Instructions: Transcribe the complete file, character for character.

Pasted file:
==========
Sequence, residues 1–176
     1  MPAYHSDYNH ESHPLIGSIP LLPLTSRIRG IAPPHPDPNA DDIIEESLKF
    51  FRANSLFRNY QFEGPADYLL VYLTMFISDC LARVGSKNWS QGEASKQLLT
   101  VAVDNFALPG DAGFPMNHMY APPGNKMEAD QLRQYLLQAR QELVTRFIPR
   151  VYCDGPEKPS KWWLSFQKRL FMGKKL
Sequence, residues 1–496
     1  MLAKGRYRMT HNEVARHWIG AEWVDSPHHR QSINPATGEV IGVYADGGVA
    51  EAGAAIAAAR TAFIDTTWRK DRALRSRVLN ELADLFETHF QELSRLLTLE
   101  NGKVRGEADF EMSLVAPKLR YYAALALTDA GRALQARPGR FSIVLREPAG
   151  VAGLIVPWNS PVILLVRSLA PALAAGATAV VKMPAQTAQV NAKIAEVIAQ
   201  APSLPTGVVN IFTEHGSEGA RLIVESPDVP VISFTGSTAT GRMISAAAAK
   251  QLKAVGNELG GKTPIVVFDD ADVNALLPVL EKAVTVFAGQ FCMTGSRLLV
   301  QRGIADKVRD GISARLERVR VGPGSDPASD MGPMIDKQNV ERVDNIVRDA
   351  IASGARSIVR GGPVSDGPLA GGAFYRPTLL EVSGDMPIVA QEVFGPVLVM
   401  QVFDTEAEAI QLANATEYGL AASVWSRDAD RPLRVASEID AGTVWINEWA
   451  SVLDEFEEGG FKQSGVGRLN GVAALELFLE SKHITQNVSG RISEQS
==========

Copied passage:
Sequence, residues 1–176
     1  MPAYHSDYNH ESHPLIGSIP LLPLTSRIRG IAPPHPDPNA DDIIEESLKF
    51  FRANSLFRNY QFEGPADYLL VYLTMFISDC LARVGSKNWS QGEASKQLLT
   101  VAVDNFALPG DAGFPMNHMY APPGNKMEAD QLRQYLLQAR QELVTRFIPR
   151  VYCDGPEKPS KWWLSFQKRL FMGKKL
Sequence, residues 1–496
     1  MLAKGRYRMT HNEVARHWIG AEWVDSPHHR QSINPATGEV IGVYADGGVA
    51  EAGAAIAAAR TAFIDTTWRK DRALRSRVLN ELADLFETHF QELSRLLTLE
   101  NGKVRGEADF EMSLVAPKLR YYAALALTDA GRALQARPGR FSIVLREPAG
   151  VAGLIVPWNS PVILLVRSLA PALAAGATAV VKMPAQTAQV NAKIAEVIAQ
   201  APSLPTGVVN IFTEHGSEGA RLIVESPDVP VISFTGSTAT GRMISAAAAK
   251  QLKAVGNELG GKTPIVVFDD ADVNALLPVL EKAVTVFAGQ FCMTGSRLLV
   301  QRGIADKVRD GISARLERVR VGPGSDPASD MGPMIDKQNV ERVDNIVRDA
   351  IASGARSIVR GGPVSDGPLA GGAFYRPTLL EVSGDMPIVA QEVFGPVLVM
   401  QVFDTEAEAI QLANATEYGL AASVWSRDAD RPLRVASEID AGTVWINEWA
   451  SVLDEFEEGG FKQSGVGRLN GVAALELFLE SKHITQNVSG RISEQS